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FMCG: Convenience food, premium packs countering FMCG slide

Demand for beverages, convenience foods, snacking and premium personal care products has surged significantly from a year ago, bucking the trend in the overall fast-moving consumer goods (FMCG) market, which has fallen.

The movement is similar to that of lifestyle products in the consumer durables segment, where demand for mass-priced merchandise is under pressure due to inflation and growth is largely driven by the premium range.

“The context started during Covid and India having a tough pandemic – the appreciation of packaged food improved a lot and it has now catapulted,” said Kalpesh R Parmar, country general manager, Mars Wrigley India. “So, when one wants small moments of happiness, the consumer opts for a packaged snack, either biscuit or chocolate and chips.”

Parmar added, “Because of the consumer mindset changing, they are going for packaged products and not local products, which are handmade. It was never a big worry but now people are being cautious.”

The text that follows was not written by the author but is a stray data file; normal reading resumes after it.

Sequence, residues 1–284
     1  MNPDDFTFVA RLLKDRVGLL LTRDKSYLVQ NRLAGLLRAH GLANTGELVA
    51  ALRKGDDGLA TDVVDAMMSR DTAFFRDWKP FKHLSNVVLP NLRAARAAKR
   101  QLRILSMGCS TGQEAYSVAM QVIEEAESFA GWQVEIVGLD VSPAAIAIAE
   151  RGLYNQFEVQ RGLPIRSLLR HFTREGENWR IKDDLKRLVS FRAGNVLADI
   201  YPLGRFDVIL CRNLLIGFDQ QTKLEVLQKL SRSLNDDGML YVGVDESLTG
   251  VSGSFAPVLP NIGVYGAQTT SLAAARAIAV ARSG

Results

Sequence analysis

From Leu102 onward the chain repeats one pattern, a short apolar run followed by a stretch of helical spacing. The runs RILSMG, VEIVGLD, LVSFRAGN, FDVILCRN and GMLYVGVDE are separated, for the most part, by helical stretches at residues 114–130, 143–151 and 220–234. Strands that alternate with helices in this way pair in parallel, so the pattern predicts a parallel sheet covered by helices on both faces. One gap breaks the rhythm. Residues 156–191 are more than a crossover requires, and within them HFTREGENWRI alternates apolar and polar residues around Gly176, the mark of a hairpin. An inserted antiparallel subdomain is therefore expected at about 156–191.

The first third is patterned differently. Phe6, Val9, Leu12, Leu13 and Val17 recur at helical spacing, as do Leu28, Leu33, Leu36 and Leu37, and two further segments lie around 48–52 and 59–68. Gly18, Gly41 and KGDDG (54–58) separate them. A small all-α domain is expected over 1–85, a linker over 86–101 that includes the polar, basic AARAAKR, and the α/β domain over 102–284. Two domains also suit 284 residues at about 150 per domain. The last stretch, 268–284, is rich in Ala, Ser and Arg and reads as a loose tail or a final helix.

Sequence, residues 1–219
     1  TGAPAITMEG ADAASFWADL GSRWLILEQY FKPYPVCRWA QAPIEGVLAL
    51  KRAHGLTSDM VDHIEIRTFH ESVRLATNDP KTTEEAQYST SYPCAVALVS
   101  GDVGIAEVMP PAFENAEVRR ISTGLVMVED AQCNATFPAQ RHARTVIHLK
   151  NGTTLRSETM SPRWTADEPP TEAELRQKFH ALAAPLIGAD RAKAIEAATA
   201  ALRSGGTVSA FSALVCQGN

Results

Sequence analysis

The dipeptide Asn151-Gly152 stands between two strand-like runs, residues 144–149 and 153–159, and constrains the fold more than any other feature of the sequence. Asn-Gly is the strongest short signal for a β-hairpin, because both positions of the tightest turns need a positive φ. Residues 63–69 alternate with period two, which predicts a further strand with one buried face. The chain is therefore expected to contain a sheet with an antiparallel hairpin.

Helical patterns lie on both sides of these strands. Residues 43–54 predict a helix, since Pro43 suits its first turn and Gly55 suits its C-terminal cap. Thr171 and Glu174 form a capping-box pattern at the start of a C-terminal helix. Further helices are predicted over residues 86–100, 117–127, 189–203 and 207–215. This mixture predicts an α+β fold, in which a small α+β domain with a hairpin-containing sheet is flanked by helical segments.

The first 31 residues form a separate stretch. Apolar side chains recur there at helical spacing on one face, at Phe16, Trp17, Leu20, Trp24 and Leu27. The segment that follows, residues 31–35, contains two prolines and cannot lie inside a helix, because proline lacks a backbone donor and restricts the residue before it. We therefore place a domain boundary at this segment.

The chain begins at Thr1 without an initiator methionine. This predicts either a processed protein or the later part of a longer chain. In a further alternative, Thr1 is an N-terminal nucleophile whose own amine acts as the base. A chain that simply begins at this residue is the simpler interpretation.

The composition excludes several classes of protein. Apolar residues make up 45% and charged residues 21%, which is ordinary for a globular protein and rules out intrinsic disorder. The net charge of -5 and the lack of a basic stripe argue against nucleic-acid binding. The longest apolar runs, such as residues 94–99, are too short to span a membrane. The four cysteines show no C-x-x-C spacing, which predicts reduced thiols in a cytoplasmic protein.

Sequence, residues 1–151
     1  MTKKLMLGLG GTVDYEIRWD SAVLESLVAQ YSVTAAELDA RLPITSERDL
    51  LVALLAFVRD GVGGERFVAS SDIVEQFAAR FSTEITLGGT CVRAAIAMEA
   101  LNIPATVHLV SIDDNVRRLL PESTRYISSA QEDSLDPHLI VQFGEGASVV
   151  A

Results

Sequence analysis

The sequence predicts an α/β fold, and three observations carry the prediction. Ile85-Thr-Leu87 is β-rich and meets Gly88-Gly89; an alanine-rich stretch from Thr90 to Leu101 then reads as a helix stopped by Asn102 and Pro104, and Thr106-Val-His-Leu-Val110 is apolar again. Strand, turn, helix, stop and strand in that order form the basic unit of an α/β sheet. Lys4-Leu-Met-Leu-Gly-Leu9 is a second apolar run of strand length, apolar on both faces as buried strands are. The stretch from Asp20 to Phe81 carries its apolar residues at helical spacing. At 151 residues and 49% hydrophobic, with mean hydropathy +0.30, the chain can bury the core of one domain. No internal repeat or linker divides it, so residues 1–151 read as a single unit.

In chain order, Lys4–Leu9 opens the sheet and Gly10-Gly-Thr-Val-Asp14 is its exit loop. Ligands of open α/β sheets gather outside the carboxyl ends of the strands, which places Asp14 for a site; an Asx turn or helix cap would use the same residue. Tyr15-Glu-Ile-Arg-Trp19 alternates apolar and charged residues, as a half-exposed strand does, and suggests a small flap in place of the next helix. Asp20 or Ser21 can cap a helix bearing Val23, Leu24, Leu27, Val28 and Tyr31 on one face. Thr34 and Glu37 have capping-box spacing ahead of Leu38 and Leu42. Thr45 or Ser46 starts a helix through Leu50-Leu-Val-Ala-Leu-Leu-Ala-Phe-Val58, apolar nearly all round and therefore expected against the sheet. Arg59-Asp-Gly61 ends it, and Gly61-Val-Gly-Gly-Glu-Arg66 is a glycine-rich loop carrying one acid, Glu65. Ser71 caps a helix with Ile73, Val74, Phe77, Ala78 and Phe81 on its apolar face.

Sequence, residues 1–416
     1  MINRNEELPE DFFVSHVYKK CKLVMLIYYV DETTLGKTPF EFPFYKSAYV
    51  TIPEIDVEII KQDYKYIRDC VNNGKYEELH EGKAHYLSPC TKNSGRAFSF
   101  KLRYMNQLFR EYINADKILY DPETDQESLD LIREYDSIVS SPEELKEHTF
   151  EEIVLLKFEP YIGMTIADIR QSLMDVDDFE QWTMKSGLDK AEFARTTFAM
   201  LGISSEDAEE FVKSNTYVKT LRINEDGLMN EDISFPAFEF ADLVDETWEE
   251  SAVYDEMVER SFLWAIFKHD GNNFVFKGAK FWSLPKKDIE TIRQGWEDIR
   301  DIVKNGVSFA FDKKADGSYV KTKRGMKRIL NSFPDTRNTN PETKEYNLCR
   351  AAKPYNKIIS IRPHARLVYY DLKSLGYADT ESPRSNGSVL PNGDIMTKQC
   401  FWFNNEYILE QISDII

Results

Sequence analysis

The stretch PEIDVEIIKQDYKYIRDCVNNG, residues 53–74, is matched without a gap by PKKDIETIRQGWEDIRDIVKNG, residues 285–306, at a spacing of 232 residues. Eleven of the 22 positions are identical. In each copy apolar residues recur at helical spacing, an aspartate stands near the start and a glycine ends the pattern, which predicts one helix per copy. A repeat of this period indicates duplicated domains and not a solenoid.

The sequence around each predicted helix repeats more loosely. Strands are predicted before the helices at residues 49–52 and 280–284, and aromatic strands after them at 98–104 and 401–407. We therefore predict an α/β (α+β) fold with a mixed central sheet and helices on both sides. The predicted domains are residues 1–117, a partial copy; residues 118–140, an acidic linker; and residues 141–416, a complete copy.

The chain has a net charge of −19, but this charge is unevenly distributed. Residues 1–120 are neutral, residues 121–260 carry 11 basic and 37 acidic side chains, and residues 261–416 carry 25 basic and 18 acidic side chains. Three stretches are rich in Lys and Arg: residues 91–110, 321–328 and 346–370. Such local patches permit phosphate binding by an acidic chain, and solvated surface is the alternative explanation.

During the 12 months ended October, the beverages sector grew 24%, convenience food – including noodles, pasta and cereals – grew 13%, while snacking segments such as chips, cookies and chocolates expanded 12% by volume, data from global consumer research firm Kantar Worldpanel (formerly IMRB) show. Volume indicates the unit number of products bought or consumed.

Last year, the beverages segment had just started to recover from the lows of the pandemic’s first summer in 2020. A harsh summer and pent-up demand helped the segment grow 54%. Several ready-to-eat and ready-to-cook products grew during the pandemic and offered easy stocking and snacking options.Consumption of packaged consumer goods in the country fell for the fifth straight quarter in July-September, when the FMCG market shrank 0.5% on-year by volume, led by food products amid rising prices.”FMCG fell marginally by 0.5% even during the year ended October, but the decline could have been steeper if not for these sectors that outperformed all expectations,” said K Ramakrishnan, South Asia managing director of consulting firm Kantar. “Shoppers are starting to increasingly get habituated to convenience foods and alternate formats.”

Alternate Formats

Alternate categories or premium sub-segments, including liquid soaps, detergents and dishwash, grew 30%. “If you look at premium categories, the consumer is different, and the way they buy is also different,” said Sameer Satpathy, chief executive of personal care, ITC Ltd.

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